And our society doesn’t expect him to do any of those things. In fact, if he does a single thing above the basics of keeping her alive, he will go down in history as an amazing father. And if I have the audacity to give my daughter a choice to see him or not, I will get raked over the coals for parent alienation. People freak out and insist that a child cannot possibly voice her own legitimate needs.

I beg to differ.

See, I used to buy into the hype that I had to facilitate a healthy relationship between my ex and our daughter. I seriously thought I owed him that. As if anything short of making their bond happen was pure pettiness on my part.

I’ve heard all of the insults you can imagine. People like to say that I’m just mad he doesn’t want to be with me, so I’m trying to keep his kid from him. Meanwhile, I don’t want to be with him because I don’t like the way he treats his kids.

A parent’s behavior doesn’t have to be flat-out abusive before it can be selfish or unhealthy. There are plenty of bad moves before you cross the line and enter abuse territory. But kids will still carry baggage from the unhealthy shit too.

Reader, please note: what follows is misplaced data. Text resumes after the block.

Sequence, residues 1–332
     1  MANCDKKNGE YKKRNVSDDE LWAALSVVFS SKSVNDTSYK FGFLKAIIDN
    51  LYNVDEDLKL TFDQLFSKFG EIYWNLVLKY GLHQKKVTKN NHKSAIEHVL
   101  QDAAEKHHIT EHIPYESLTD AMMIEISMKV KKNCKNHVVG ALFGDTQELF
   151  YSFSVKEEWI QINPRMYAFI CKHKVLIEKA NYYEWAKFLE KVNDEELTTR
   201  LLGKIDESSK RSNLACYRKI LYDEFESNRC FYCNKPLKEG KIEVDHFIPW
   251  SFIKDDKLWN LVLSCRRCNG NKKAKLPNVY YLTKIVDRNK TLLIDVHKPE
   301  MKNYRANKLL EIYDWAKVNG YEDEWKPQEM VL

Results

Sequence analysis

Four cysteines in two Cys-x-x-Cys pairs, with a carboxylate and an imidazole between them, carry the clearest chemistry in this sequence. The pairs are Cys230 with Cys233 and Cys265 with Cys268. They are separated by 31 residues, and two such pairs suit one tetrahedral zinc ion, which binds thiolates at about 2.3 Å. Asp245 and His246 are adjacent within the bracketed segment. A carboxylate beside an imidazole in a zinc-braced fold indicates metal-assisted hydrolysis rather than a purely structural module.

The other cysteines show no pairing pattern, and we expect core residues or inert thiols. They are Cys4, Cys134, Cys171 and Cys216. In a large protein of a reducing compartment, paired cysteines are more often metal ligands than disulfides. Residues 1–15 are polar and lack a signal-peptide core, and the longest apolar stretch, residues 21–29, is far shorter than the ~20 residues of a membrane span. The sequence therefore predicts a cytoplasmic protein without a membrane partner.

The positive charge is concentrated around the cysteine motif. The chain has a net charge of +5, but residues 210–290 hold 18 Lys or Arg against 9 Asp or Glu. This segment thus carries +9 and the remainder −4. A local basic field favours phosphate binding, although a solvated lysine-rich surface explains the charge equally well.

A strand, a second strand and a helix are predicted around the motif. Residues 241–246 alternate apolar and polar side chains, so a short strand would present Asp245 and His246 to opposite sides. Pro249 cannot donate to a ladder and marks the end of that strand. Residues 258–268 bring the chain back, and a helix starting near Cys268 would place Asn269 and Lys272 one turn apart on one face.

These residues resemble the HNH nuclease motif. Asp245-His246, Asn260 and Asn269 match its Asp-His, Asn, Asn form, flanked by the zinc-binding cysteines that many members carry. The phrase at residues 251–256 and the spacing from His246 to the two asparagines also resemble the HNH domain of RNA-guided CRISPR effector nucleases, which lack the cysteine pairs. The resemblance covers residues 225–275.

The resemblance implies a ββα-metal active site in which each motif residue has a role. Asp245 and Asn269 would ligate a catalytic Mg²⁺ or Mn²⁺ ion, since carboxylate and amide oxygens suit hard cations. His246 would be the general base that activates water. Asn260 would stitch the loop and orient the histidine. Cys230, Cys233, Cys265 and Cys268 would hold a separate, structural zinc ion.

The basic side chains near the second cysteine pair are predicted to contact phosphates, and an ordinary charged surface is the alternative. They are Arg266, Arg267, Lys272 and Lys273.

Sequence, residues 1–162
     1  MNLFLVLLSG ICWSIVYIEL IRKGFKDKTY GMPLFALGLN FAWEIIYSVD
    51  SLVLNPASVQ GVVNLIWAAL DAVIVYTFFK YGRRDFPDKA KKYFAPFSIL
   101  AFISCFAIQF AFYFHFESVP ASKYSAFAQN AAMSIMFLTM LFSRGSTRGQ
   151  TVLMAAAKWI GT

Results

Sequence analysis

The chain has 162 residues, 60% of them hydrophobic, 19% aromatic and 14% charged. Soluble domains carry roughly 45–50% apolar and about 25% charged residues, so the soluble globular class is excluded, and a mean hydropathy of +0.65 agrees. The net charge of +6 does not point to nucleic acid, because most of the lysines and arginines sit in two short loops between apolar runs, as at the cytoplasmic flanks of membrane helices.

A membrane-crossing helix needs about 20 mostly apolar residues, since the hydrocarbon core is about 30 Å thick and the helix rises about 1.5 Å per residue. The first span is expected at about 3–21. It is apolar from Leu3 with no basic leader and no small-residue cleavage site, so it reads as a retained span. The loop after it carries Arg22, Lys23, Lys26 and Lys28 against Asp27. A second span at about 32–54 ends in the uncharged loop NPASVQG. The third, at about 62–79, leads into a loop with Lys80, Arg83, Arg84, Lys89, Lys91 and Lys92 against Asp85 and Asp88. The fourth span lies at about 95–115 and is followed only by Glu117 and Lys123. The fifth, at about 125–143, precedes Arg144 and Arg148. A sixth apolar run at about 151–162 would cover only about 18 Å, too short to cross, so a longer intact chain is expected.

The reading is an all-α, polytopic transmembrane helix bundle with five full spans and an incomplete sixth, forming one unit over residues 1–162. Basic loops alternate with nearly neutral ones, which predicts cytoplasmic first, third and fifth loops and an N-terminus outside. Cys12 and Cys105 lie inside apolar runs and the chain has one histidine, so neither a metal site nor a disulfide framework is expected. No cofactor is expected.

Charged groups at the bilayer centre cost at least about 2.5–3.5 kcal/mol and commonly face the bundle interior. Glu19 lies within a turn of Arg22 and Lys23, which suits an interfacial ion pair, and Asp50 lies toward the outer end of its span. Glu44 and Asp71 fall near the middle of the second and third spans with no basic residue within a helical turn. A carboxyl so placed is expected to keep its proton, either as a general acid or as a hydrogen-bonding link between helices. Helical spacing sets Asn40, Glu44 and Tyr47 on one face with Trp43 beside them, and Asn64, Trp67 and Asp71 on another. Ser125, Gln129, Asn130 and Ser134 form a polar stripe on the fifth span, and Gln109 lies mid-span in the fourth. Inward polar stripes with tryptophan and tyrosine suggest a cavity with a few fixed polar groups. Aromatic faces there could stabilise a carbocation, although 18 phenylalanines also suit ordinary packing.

I once thought I could protect my daughter from having daddy issues by facilitating a healthy relationship with her dad despite our messy breakup. But there is nothing I can do to make him choose healthy behavior. I can’t force their relationship to happen and I sure as heck can’t make it healthy.

And if I do try to take responsibility and facilitate the whole thing? I think that’s going to give her daddy issues. Because as much as I don’t owe him a relationship with our daughter, she doesn’t owe him one either.

He is the father, she is the child. I’m not okay with teaching her to take half-assed shit from him just because that’s all he will give. The way our fathers treat us seems to inform the way we expect to be treated by others.

My dad treated me like garbage and it made me think that I was garbage. It never taught me how to tell somebody no.

It’s not me or my daughter who need to rise to the occasion and develop a solid bond with her dad. It’s on him. I do all of the daily work to not just keep her alive, but to raise her well, and to build a healthy attachment. Besides, I moved us across the country to make parenting accessible for him and to give him the opportunity to be a good father.